1. Why was the bidding process controversial?
Since 2010, when the governing body FIFA awarded Russia and Qatar the rights to successive World Cups, there have been allegations of vote buying. Two members of FIFA’s 24-member executive committee that selects the hosts were suspended before the 2010 vote after being filmed offering their support for money. In 2020, an indictment was filed in the US accusing several officials of receiving payments to support Qatar’s bid. Their trial will begin in January in a New York federal court. Qatar denies paying anyone for the hosting rights. FIFA said holding the event in the country was in line with its goal of expanding football into new regions.
2. What will it bring to Qatar?
Qatar is betting the tournament will help modernize its image and make it a tourist and business destination on par with regional rival Dubai. The World Cup is the world’s most watched sporting event, with the last in Russia in 2018 attracting 3.6 billion television and online viewers. Bloomberg Intelligence estimated that Qatar was on track to complete $300 billion in infrastructure projects before the opening game. That may seem like a lot for a country smaller than Connecticut, but Qatar is one of the richest countries in the world thanks to huge reserves of natural gas. Organizers expect the event to add $17 billion to the economy, equivalent to about 10% of gross domestic product in 2021.
3. Why the outrage about migrant workers?
Media reports detailed cases of workers working on the new stadiums and other infrastructure being subjected to inhumane treatment and unsafe working conditions. Amnesty International accused the government of failing to properly investigate the deaths of many migrant workers. Preparations for the World Cup shed light on the Gulf region’s ‘kafala’ (sponsorship) system, whereby workers need their employer’s permission to change jobs, return home or even open a bank account. In 2019, the United Nations attacked Qatar for racial discrimination, saying an employee’s nationality played an “overwhelming role” in how they were treated.
4. What is the government saying?
Although the government denies allegations of ill-treatment of workers, it built some new living quarters and promised to improve security. It introduced new labor laws in 2020 designed to guarantee a minimum wage and make it easier to change jobs in an effort to dismantle the kafala system. Rules were introduced in 2021 to limit the number of hours workers can toil outside in the summer heat. At least on paper, the reforms made Qatar’s labor laws the most labor-friendly in the Gulf region. Rights groups acknowledge that labor conditions have improved in recent years, but continue to publish reports documenting unpaid wages, illegal recruitment costs and poor enforcement of labor rules.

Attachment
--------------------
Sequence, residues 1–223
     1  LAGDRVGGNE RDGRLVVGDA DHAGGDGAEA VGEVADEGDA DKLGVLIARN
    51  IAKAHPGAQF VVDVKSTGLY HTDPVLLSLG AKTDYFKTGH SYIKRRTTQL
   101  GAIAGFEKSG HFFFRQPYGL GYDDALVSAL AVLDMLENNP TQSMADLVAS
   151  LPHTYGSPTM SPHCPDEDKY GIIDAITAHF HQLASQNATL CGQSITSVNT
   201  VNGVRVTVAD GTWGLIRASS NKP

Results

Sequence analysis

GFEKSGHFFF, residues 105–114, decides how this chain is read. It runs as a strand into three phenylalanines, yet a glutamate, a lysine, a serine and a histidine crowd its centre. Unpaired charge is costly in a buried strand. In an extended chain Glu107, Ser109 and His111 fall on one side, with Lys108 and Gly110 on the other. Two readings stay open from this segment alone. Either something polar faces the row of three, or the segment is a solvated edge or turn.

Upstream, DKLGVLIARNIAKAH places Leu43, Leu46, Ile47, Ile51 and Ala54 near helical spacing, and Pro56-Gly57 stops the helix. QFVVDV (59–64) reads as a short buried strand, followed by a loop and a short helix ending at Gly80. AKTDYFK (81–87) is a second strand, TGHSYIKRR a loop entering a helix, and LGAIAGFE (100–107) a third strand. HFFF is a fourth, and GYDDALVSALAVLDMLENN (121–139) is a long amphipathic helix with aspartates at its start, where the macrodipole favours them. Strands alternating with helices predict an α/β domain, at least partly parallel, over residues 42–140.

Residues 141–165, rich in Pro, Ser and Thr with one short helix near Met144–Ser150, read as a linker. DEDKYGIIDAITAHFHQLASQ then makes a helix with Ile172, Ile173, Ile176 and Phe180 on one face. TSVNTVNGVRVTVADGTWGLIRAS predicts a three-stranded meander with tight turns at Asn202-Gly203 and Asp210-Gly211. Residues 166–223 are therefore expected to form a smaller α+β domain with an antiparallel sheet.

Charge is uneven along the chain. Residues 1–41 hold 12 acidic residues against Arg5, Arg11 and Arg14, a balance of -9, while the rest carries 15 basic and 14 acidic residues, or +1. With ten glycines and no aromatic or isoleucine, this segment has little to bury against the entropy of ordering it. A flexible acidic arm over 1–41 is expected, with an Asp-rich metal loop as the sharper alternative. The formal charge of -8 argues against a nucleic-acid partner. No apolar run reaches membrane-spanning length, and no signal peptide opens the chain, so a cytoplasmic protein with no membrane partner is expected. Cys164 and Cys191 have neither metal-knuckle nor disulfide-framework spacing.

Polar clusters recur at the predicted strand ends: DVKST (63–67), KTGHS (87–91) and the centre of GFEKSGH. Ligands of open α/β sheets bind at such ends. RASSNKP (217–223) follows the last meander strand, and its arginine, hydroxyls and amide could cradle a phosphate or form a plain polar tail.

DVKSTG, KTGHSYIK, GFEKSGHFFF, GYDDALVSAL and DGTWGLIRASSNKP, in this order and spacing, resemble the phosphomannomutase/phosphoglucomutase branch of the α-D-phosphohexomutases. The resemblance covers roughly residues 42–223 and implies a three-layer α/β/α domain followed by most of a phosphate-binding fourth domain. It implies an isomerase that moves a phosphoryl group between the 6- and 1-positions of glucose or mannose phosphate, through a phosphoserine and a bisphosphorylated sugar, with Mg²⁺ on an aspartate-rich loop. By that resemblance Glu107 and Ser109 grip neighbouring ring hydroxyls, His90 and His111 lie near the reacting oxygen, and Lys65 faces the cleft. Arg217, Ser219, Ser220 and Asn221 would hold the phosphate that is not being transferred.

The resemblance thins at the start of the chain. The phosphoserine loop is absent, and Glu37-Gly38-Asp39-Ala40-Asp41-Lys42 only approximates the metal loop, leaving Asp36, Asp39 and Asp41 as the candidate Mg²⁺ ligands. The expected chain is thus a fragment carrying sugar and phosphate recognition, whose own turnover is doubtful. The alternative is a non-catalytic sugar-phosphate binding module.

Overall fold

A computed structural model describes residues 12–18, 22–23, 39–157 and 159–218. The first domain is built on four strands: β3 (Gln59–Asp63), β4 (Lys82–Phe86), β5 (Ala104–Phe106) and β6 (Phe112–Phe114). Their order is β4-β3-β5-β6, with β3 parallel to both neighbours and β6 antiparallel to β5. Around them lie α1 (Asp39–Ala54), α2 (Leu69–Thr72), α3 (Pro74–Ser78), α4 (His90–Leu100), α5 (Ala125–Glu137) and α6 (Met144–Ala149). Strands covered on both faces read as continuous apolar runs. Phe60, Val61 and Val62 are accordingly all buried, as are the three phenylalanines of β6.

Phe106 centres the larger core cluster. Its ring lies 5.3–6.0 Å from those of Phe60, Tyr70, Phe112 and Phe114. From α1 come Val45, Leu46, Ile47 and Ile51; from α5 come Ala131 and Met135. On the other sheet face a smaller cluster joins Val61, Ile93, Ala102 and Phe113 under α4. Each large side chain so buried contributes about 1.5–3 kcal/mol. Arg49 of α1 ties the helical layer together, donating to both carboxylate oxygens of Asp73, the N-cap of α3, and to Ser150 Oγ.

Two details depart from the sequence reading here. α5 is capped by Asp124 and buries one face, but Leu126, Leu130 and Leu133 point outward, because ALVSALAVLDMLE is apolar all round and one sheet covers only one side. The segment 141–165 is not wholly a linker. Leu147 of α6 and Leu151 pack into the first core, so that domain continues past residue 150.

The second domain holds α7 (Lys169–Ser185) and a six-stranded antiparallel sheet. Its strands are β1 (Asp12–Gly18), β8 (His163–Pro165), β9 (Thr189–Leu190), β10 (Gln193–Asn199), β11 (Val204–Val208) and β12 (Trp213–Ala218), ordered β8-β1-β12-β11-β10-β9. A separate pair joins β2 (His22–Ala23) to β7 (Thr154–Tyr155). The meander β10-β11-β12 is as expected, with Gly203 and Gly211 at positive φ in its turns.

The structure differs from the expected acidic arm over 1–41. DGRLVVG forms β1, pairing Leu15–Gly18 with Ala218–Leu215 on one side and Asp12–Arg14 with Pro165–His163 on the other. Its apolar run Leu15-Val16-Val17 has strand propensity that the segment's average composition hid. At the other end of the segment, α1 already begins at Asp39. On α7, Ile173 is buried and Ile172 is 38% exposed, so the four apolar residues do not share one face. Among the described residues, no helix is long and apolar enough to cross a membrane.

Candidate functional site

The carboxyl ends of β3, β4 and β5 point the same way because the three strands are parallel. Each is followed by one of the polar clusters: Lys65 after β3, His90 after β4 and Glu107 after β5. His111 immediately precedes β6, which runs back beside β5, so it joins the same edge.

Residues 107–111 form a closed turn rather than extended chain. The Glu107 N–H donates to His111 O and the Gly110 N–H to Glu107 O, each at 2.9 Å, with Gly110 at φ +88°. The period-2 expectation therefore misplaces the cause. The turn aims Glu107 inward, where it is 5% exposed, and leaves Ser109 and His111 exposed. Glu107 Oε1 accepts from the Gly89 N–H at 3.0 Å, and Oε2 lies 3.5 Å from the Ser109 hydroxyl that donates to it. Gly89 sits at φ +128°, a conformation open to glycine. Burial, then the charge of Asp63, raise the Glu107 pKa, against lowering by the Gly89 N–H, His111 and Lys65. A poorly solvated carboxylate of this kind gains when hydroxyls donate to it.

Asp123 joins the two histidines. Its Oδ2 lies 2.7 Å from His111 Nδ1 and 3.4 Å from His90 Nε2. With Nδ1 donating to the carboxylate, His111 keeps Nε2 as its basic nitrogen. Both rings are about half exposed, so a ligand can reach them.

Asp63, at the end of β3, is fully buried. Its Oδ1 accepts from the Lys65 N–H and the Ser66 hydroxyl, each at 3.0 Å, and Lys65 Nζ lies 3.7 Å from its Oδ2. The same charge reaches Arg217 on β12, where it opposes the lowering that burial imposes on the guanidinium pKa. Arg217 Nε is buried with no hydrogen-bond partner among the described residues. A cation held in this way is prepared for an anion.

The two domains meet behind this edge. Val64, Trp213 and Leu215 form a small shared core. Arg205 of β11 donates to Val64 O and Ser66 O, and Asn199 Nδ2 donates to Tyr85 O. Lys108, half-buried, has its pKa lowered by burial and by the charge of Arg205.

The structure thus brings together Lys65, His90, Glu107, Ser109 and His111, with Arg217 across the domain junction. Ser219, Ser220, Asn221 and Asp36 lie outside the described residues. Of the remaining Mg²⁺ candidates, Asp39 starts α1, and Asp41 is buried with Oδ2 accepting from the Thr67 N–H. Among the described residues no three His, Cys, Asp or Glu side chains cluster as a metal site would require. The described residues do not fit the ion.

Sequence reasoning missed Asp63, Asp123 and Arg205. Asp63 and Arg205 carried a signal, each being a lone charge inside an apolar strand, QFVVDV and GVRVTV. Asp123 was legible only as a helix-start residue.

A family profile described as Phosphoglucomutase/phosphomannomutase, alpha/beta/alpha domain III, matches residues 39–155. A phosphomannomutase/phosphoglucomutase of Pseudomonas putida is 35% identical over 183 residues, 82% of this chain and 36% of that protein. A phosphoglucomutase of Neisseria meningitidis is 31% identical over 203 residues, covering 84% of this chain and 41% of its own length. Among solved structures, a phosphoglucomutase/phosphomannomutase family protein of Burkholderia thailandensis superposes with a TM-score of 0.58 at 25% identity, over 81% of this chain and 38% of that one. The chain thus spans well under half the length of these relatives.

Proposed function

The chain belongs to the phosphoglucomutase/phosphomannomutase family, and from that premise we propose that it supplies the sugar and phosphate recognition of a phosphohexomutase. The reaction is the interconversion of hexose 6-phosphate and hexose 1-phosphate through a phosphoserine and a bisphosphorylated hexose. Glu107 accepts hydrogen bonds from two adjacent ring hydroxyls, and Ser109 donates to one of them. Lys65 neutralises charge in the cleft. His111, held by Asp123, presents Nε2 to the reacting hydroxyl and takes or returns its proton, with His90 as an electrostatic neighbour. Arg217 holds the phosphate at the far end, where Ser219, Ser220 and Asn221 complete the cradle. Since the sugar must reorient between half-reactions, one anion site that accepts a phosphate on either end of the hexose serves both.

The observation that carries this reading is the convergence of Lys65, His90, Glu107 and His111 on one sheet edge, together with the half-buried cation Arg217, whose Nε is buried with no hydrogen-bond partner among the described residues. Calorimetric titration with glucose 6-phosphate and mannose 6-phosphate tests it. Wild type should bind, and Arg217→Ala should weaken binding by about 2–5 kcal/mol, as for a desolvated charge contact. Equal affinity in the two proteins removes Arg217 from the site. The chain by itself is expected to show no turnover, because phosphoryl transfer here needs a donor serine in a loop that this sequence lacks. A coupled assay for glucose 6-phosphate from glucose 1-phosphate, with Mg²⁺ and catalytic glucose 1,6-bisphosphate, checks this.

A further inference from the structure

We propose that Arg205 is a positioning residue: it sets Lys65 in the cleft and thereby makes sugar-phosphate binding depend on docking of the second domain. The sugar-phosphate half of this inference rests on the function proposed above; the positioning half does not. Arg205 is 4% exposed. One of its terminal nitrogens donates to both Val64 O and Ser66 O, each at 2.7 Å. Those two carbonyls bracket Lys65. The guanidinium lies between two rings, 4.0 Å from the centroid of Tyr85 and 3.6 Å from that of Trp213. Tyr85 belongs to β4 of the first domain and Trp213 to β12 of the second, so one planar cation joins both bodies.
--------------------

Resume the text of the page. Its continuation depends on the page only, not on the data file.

5. Is Qatar a free country?
Qatar is ruled by its emir, Sheikh Tamim bin Hamad Al Thani, who controls the government and judiciary. Political parties are banned and most of the population is not citizens with few civil or political rights. In March 2021, Human Rights Watch published a report calling on Qatar to reform the male guardianship system, a set of practices and rules that make many women’s personal decisions contingent on the approval of a male relative. Homosexuality is officially illegal. The government has pledged to welcome visitors of all sexual orientations as long as they adhere to a general rule against displays of public affection that also applies to heterosexual couples. However, a FIFA presentation on the Qatar tournament included guidelines for security officials to practice “less intervention, more mediation” and “be lenient towards conduct that does not threaten physical integrity or property”.
6. Will there be boycotts?
Players and teams in Norway and fans in Denmark called for a boycott, but the football authorities in the participating countries ultimately rejected the idea. Amnesty and other groups said enforcement of labor reforms in Qatar has fallen short, but note that the changes are generally positive and are pushing back the idea of staying away. Sportswear manufacturer Hummel said it changed the design for the Danish national team’s kits because the brand “does not want to be visible in a tournament that has cost thousands of lives”. The mayors of Paris and several other French cities have said they will not set up giant screens and zones for fans to watch the tournament. Several linked the decision to Qatar’s poor human rights record, while others cited financial reasons, energy costs and the winter climate.
7. What will it be like for fans?
The weather should be quite pleasant. The average maximum temperature in mid-November is 85 degrees Fahrenheit (29 degrees Celsius), and the heat tends to dissipate in December. Nevertheless, some of the tournament’s eight outdoor stadiums are equipped with air-conditioning systems, adding to FIFA’s pledge to make this World Cup climate neutral. The limited number of hotels in Qatar means that some fans are being encouraged to stay in other cities in the region and travel to matches by air. The head of Paris-based carbon management startup Greenly has said this World Cup will set a record for emissions.
8. How should fans behave in Qatar?
The country’s dress code reflects Islamic traditions. While there is flexibility in five-star hotels, women and men must cover their bodies from shoulders to knees in shopping malls and most public areas. Public displays of affection are not welcome; even holding hands is rare. Alcohol is usually restricted to restaurants attached to luxury hotels. World Cup organizers had said tourists would also be able to drink in designated fan zones within the perimeter of the eight stadiums, though they later backed down on those plans.
More stories like this are available at bloomberg.com